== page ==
The 2022 NFL Draft is less than two months away, and in the days leading up to the marquee event of the offseason, there's sure to be analysis, speculation and predications abound throughout the football universe. That process is already underway, but it kicks into high gear this week as the NFL Scouting Combine begins in Indianapolis.
Here's everything you need to know about this year's event.
1. The Combine is in many ways the unofficial beginning of the NFL offseason.
The new league year (and the onset of free agency) doesn't begin until March 16, but the Combine represents the first major league event since the conclusion of Super Bowl LVI. It not only serves as an opportunity for teams to amass information on hundreds of Draft-eligible prospects, but also as a chance for league executives, coaches and media members to gather in one central location.
It's taken place in Indianapolis for more than three decades, and a year after the in-person aspects of the event were cancelled due to the pandemic, the Combine is back for the 2022 offseason.
2. More than 300 players were invited to show what they could do in Indianapolis.
Exactly 324 players were invited to the Combine this year, including a handful of players with local ties. In fact, this year's event invited two players from the University of Missouri (running back Tyler Badie and defensive back Akayleb Evans), one player from Kansas State University (quarterback Skylar Thompson) and one player from Missouri Western State University (defensive back Sam Webb).
Additionally, Arizona State running back Rachaad White, who attended Center High School, and Clemson defensive back Mario Goodrich, an alum of Lee's Summit West High School, were also invited.
For a full list of invitees, click here.
3. Those players will have the opportunity to compete in several on-field drills.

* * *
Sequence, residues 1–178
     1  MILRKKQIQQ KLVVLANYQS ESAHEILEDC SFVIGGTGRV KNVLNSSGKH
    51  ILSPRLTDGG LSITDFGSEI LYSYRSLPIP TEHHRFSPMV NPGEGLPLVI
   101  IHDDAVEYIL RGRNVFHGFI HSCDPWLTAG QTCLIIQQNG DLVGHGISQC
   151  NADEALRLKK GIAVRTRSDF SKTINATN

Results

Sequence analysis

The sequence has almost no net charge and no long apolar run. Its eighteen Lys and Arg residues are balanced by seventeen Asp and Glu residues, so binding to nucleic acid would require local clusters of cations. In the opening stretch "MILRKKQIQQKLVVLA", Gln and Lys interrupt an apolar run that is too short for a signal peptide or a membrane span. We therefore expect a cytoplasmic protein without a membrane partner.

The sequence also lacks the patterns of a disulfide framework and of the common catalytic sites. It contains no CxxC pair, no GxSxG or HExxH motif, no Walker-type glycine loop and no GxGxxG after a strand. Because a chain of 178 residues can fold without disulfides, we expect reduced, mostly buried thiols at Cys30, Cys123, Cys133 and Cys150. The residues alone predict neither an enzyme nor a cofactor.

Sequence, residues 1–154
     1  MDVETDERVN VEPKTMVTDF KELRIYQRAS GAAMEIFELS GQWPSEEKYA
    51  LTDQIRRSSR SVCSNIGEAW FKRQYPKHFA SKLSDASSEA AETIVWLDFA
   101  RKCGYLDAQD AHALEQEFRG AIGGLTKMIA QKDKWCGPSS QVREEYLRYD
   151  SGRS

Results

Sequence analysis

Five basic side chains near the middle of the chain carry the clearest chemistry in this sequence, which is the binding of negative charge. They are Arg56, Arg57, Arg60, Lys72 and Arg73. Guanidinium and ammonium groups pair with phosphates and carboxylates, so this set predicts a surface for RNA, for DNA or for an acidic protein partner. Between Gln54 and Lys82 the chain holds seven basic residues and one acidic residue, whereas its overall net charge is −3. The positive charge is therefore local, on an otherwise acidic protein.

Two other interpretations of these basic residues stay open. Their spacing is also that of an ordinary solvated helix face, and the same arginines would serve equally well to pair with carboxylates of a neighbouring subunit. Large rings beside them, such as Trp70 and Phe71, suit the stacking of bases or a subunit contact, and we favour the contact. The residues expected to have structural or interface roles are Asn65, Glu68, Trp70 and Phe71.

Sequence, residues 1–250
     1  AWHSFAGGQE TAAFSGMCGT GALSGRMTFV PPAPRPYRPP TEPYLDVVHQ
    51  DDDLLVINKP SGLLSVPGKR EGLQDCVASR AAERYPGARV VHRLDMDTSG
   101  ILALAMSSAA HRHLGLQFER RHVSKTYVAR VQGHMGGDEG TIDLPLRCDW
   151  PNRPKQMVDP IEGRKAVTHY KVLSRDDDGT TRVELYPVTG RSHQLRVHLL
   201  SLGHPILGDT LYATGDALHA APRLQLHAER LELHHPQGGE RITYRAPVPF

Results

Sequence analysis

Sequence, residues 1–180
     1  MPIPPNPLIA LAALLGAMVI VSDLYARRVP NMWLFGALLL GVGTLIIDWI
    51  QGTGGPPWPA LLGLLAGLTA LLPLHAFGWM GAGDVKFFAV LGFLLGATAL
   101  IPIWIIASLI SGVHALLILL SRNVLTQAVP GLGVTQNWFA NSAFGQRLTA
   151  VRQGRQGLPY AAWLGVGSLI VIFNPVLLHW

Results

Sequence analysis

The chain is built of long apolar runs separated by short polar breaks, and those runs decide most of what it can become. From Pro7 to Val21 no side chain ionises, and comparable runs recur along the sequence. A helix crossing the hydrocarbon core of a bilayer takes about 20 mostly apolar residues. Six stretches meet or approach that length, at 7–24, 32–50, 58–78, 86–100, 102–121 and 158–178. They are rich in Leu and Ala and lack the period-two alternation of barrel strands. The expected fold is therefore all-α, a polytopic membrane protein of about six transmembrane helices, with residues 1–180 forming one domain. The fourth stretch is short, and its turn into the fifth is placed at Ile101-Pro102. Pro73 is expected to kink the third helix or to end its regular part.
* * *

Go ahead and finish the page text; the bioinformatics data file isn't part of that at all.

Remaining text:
Participants may choose to compete in a variety of drills at the Combine, including the 40-yard dash, the bench press, the vertical jump, the broad jump, the three-cone drill and the shuttle run.
Here's a quick breakdown of why each of those drills matters by ESPN Draft Analyst Todd McShay, whose detailed writeup can be found by clicking here.
40-Yard Dash: "For wide receivers and running backs, breakaway speed can be the difference between a modest gain and a game-changing play," McShay wrote. "A measurable combination that NFL evaluators pay close attention to for cornerbacks is length (height and arms) and 40 speed. Safety is another position to keep an eye on, particularly for players who will be asked to cover a lot of ground in the deep middle of the field."
Vertical Jump: "The vertical can be an important indicator for wide receivers, tight ends and cornerbacks, but don't forget about running backs and defensive ends," McShay wrote. "This drill is a great judge of a player's lower-body explosiveness and ability to create power from the ground up."
20-Yard Shuttle: "Being an NFL defender is all about reaction: How quickly can you diagnose a play, come to a stop and explode toward the ball? And the 20-yard shuttle showcases a player's body control as he is changing directions," McShay wrote.
Broad Jump: "I like to see how offensive linemen and skill players perform in the broad jump," McShay wrote. "You need good lower-body explosiveness, power and flexibility to anchor in the trenches. It's also a good way to separate which offensive linemen have the athleticism to play tackle."
Three-Cone Drill: "This drill is all about assessing a player's ability to change directions quickly, bend and accelerate. Defensive backs and pass-rushers are good players to keep an eye on," McShay wrote. "Of course, a lot goes into being an elite edge rusher, but most of the NFL's best register outstanding times in the three-cone."
Bench Press: "The bench tests upper-body strength by seeing how many times players can put up 225 pounds," McShay wrote. "Let's be honest: While it may be the most fun to watch, the bench press is the least important of all these non-football-related drills, but it does provide insight into the upper-body strength of an athlete, which tends to apply most to interior offensive and defensive linemen. There's also some small correlation for cornerbacks (for press-technique purposes)."
4. Head Coach Andy Reid and General Manager Brett Veach met with the media on Tuesday.
5. The event will run through Sunday on NFL Network.
For the first time, on-field drills will air in prime time on NFL Network beginning on Thursday and running through Sunday. Here's a quick rundown of the schedule:
March 3: Coverage of quarterback, wide receiver and tight end drills beginning at 3 p.m. CT until 10 p.m. CT.
March 4: Coverage of running back, offensive lineman and special teams' drills beginning at 3 p.m. CT until 9 p.m. CT.
March 5: Coverage of defensive lineman and linebacker drills beginning at 3 p.m. CT until 8 p.m. CT.
March 6: Coverage of defensive back drills beginning at 1 p.m. CT until 6 p.m. CT.